Related: It’s not just one monster. ‘Me too’ reveals the ubiquity of sexual assault | Suzanne Moore

Related: After Weinstein, let’s stop asking women to answer for their sex predator’s crimes | Laura Bates

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Same-sex marriage survey: help us track targeted ads on Facebook

Tue, 17 Oct 2017 00:26:18 GMT2017-10-17T00:26:18Z

Guardian Australia has teamed up with ProPublica to make it easier for people to report ads in their social feed

Organisations are paying Facebook to target Australians with ads about the same-sex marriage postal survey.

Guardian Australia has been tracking some of these ads with the help of readers, and has so far uncovered ads without proper authorisation, an ad from no campaigners instructing people how to change their vote, and ads that contain or link to misleading or homophobic material.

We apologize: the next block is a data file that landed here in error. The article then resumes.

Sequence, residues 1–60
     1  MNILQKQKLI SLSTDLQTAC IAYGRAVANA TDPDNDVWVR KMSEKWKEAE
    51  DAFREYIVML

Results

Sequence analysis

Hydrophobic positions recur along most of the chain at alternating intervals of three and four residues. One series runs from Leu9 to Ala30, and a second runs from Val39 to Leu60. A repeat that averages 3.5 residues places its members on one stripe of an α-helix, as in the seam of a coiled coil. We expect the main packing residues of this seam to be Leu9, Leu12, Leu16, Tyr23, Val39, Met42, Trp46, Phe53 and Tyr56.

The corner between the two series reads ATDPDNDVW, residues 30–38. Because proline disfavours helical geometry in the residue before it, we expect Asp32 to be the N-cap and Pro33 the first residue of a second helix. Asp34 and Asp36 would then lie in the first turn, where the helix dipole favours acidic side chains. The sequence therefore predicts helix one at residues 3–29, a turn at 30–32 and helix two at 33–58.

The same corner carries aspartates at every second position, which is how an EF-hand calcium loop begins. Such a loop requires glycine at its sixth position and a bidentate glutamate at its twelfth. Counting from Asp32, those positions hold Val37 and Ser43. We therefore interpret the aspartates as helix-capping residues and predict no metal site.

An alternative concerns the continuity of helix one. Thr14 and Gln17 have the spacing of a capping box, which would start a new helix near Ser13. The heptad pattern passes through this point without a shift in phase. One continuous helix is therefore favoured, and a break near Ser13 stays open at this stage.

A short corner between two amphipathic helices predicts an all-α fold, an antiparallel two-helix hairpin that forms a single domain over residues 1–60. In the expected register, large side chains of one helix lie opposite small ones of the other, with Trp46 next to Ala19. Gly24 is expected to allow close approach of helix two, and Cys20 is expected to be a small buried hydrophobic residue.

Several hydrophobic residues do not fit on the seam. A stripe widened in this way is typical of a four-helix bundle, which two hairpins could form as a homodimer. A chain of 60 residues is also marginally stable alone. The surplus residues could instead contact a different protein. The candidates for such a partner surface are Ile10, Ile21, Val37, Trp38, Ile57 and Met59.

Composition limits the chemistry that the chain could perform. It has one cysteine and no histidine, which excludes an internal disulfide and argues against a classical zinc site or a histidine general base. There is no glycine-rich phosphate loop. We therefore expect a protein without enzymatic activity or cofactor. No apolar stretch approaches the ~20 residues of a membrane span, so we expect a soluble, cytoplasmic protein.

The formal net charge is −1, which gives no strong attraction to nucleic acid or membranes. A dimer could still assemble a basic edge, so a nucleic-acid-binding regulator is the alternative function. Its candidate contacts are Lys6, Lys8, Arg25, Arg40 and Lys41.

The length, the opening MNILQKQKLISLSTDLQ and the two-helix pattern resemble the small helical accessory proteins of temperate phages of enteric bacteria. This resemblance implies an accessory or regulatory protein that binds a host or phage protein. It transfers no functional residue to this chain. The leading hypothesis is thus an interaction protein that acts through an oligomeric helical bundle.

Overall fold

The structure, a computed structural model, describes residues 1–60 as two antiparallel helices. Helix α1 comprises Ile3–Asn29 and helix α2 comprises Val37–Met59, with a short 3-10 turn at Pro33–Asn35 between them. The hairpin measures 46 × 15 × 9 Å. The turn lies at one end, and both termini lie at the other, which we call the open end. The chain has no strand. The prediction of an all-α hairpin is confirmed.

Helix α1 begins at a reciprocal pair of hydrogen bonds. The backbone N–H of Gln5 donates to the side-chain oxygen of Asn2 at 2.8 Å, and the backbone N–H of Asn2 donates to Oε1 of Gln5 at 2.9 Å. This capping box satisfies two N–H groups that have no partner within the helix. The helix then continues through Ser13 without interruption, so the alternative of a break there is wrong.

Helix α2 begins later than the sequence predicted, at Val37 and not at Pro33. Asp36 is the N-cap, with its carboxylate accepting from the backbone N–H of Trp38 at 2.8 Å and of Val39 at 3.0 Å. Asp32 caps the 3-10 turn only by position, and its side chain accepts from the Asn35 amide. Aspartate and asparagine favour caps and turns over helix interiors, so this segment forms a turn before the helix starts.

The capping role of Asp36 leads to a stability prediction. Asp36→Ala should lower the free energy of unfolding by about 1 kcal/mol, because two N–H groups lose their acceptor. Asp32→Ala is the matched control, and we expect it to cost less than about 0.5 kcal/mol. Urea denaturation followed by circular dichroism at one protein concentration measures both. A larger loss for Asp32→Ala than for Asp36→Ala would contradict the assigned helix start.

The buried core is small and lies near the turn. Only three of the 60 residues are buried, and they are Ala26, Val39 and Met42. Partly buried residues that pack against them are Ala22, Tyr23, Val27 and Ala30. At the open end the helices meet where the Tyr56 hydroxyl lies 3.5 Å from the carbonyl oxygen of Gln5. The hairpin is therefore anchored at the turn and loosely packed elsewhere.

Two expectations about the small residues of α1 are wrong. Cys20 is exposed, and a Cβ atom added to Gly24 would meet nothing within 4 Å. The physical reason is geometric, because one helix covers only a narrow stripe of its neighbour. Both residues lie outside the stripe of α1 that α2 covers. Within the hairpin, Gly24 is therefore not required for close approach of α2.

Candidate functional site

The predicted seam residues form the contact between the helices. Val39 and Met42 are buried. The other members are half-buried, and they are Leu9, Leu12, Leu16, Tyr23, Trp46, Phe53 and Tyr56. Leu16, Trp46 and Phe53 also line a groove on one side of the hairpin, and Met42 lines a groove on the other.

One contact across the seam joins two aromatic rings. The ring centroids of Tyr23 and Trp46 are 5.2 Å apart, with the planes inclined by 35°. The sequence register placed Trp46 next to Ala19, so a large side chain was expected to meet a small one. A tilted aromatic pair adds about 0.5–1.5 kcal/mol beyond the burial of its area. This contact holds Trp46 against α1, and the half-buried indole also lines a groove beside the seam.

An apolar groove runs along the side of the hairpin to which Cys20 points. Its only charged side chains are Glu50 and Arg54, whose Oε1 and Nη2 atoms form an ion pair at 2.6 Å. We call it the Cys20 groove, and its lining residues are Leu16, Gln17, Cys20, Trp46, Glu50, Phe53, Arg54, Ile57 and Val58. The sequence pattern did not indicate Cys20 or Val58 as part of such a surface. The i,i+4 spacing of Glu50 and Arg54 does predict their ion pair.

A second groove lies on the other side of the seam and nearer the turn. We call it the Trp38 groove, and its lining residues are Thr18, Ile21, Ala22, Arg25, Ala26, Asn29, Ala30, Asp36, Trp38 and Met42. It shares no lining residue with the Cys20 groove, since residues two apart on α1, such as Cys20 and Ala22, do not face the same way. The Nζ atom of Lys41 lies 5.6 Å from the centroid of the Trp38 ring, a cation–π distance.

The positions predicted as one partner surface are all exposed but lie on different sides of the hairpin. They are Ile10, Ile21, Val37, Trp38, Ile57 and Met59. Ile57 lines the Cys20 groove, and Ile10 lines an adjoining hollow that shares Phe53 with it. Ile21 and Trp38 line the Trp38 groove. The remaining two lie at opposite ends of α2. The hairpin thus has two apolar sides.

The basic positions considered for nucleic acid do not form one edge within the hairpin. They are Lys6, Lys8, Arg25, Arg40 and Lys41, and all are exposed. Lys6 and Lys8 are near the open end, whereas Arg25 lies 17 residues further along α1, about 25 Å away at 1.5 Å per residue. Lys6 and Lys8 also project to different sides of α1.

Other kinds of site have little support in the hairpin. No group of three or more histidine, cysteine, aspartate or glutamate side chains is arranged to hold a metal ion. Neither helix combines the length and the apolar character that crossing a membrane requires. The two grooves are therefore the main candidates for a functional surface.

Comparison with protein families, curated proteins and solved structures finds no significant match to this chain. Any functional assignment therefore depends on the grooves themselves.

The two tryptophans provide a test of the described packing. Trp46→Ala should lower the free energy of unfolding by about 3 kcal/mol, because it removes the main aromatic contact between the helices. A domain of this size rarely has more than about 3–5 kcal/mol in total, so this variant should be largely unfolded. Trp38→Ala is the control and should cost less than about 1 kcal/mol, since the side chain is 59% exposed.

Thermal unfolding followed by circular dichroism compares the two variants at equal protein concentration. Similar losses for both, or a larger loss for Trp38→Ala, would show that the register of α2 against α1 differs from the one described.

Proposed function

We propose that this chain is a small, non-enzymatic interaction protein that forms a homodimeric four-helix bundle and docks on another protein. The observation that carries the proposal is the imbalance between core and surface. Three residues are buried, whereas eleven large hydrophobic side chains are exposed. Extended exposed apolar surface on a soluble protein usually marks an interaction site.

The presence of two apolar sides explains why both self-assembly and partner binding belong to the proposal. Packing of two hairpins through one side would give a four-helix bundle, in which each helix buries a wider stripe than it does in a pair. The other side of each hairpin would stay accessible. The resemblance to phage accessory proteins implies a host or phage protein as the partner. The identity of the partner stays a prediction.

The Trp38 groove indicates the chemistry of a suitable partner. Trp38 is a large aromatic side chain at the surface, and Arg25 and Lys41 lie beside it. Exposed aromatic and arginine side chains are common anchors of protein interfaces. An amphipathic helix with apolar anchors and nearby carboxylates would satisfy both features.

Related: Prominent marriage equality advocates' survey forms go astray

Related: Send us your reports of missing or diverted same-sex marriage postal surveys

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Lisa Wilkinson leaves Nine and joins Ten after pay battle

Mon, 16 Oct 2017 22:14:00 GMT2017-10-16T22:14:00Z

Sources say breakfast show presenter was asking for amount closer to that paid to her Today co-host Karl Stefanovic

Lisa Wilkinson has walked away from Channel Nine, where she co-hosted Today for 10 years, after the network refused to meet her pay demands.

Wilkinson announced the shock news on Twitter on Monday night, saying she had done her last show. It was a brutal end for a network star Nine has groomed for a decade.

I have some news. I'm sad to say that today was my last day on @the today show. The following statement is from Channel Nine... pic.twitter.com/B3IVDAfkSm